On Monday, 3rd April 2021, the Supreme Court held that the States cannot influence the autonomy of Private Unaided Schools to fix and collect ‘just’ and ‘permissible’ school fees from parents, especially when it is done in the name of pandemic.
A Bench of Justices A. M. Khanwilkar and Dinesh Mahehwari said that, “It is one thing to say the State may regulate the fee structure of Private Unaided Schools to ensure that the School Management does not indulge in profiteering and commercialisation, but in the guise of exercise of that power, it cannot transcend the line of regulation and impinge upon the autonomy of the school to fix and collect ‘just’ and permissible’ school fees from its students”.
The judgement came on the basis of a series of appeals filed by Private Unaided Schools in Rajasthan against the Government’s notifications to put off collection of fees, including reduction of fees limited to 70% by schools affiliated to the Central Board of Secondary Education and 60% from the schools affiliated to the Rajasthan Board of Secondary Education.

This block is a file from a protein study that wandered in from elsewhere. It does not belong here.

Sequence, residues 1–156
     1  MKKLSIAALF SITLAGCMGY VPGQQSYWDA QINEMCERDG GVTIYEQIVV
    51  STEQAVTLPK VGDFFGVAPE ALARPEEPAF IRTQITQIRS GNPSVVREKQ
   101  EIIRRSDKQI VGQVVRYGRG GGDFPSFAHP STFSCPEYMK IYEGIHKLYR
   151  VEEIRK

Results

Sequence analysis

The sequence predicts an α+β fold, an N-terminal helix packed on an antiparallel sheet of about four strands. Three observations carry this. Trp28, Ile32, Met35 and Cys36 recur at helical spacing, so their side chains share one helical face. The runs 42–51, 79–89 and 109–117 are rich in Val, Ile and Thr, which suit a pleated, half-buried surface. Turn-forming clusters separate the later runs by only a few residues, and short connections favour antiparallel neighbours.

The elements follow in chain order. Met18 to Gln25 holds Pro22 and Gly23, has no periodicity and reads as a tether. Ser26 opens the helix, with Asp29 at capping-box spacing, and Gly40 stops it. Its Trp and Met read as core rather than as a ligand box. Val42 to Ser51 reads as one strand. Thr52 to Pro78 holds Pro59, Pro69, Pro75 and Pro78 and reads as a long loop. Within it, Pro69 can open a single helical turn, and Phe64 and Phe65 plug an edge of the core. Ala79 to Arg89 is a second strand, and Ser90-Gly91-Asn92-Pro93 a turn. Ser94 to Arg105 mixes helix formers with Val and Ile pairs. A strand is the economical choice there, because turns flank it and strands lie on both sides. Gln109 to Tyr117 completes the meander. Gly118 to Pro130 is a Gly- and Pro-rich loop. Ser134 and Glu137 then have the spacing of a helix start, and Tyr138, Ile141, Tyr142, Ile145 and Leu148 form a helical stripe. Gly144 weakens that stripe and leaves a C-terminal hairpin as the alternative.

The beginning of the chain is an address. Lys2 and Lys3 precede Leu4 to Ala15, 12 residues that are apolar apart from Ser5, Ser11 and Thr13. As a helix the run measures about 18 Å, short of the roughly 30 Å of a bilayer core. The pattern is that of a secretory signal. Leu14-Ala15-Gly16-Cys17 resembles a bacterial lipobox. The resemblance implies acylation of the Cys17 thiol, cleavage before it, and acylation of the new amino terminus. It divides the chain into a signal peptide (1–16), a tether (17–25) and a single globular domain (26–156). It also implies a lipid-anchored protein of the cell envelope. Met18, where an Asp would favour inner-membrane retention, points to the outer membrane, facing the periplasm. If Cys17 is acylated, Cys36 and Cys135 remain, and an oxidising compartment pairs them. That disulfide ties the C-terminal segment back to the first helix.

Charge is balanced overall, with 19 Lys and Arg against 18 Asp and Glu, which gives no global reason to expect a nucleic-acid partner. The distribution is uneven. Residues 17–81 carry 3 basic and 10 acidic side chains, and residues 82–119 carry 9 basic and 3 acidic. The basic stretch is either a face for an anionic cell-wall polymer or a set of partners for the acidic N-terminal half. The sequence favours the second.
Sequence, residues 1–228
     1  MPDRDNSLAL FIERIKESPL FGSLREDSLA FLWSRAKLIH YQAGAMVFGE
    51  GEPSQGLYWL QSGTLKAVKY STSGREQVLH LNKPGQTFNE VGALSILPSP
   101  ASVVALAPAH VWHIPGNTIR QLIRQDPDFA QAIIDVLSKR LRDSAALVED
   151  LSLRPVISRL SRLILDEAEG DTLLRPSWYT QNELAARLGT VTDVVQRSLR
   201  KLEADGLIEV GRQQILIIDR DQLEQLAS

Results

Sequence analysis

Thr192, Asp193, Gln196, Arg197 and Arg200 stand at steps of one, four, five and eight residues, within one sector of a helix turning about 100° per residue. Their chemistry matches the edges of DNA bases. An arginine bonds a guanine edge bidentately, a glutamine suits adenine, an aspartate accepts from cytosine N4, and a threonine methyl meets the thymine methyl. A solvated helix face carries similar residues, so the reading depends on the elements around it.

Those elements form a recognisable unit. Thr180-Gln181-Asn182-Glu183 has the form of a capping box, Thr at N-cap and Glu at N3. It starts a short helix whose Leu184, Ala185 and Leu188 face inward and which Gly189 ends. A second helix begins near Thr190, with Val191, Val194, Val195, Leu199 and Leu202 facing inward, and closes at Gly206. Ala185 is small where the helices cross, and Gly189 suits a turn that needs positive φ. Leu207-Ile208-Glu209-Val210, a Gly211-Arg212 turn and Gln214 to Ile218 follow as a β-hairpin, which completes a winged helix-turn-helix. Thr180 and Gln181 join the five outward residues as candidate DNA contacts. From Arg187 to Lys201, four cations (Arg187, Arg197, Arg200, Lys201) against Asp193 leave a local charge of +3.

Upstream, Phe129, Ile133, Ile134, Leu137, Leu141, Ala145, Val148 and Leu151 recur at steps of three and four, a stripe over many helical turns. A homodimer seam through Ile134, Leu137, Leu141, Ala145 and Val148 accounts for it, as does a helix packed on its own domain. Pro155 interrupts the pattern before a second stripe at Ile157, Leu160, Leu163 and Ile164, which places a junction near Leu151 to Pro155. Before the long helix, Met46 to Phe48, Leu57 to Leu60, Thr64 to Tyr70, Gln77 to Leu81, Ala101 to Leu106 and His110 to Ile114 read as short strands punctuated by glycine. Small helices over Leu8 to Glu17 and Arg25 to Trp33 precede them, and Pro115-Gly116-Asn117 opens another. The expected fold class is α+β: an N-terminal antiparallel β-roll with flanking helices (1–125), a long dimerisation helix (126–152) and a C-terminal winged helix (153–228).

This was done in view of the reduction of syllabus by the said Boards as a consequence of the wave of pandemic since March 2020.
The School Management contended on the matter by stating that none of the provisions of the Disaster Management Act 2005, or the Rajasthan Epidemic Diseases Act 2020, or the Rajasthan Schools (Regulation of Fee) Act authorised the State to reduce the fees collected by the schools.
The Court countered this contention by saying that the State was only taking the interest of parents into consideration.
However, the Court agreed with the School Management that States do not hold any authority under the 2005 Act to direct changes in fee structure because of the pandemic.
The judgement was concerned with around 36,000 Private Unaided Schools, including 220 minority Private Unaided Schools in Rajasthan.
The Judgement noted that, “The determination of school fee structure (which includes reduction of fixed fee for the relevant period) is the executive prerogative of the school management running a Private Unaided School, it is not open to the Legislature to make a law touching upon that aspect except to provide statutory mechanism to regulate fees for ensuring that it does not result in profiteering and commercialisation by the School Management”.
Justice Khanwilkar, who headed the Bench, noted that the matters presented were two different points, if as a policy, the State Government does take the responsibility to subsidise the fees of students of Private Unaided Schools, the State cannot assume power much less try to issue directions.